Oil prices fell on Thursday as economic data showed slowing growth in China, the world's biggest energy consumer, which added to weak demand in the United States, traders said.
Brent North Sea crude for delivery in December fell 43 cents to $112.79 a barrel in London midday deals.
New York's main contract, light sweet crude for December slipped 28 cents to $91.84 a barrel.
China's economic growth eased for the seventh straight quarter, official data showed on Thursday, but analysts said the slowdown had almost bottomed out.
The 7.4-percent expansion in the three months to the end of September was the weakest since the first quarter of 2009 as persistent problems in key export markets in Europe and the United States continued to hurt the economy.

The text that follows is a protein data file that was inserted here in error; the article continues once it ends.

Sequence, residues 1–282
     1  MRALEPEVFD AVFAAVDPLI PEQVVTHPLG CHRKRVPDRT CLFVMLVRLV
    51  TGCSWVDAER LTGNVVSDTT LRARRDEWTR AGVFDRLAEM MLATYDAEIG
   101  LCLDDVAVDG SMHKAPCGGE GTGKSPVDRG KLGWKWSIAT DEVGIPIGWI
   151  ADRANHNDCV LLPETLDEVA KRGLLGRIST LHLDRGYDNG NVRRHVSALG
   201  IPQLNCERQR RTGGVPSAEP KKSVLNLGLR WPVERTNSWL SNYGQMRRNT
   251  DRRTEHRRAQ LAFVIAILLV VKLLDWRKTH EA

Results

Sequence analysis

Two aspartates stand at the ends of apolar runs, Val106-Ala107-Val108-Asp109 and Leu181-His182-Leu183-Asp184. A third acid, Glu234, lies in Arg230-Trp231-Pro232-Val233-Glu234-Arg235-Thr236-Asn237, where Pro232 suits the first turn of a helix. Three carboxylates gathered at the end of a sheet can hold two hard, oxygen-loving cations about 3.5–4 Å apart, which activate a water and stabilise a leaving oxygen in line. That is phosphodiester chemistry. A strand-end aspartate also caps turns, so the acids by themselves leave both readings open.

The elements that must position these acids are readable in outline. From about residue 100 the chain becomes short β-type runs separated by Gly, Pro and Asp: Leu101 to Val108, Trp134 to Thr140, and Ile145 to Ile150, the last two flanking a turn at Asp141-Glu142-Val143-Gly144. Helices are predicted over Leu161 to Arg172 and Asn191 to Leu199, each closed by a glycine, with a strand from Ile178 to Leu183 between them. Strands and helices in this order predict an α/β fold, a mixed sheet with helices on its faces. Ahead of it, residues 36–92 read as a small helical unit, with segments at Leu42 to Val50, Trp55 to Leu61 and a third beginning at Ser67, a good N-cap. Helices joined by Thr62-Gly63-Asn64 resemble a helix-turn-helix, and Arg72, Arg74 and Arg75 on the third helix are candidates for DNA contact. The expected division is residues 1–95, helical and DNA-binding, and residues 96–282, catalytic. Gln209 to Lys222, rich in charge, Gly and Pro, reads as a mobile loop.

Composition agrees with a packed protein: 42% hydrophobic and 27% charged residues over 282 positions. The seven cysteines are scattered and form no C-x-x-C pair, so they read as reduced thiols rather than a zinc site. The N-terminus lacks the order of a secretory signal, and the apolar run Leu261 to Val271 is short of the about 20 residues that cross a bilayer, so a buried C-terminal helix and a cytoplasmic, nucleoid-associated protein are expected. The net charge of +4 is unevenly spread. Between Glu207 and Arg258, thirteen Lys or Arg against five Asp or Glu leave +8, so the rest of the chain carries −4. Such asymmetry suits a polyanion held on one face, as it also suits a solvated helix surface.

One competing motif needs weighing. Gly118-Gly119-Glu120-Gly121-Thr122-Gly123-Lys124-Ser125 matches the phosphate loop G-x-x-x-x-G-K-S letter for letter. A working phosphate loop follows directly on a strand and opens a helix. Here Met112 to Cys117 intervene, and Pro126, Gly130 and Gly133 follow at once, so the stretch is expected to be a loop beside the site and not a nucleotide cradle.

The Chinese economy had grown by 7.6 percent in the previous quarter.
"It's not like strong growth, but at least it looks like the Chinese economy is stabilising and there was also some positive news out of the US yesterday for the housing starts data," Purvin and Gertz energy consultants analyst Victor Shum told AFP.
Despite the positive US housing figures, world oil prices fell on Wednesday as traders reacted to a far bigger-than-expected surge in crude inventories in top global consumer the United States.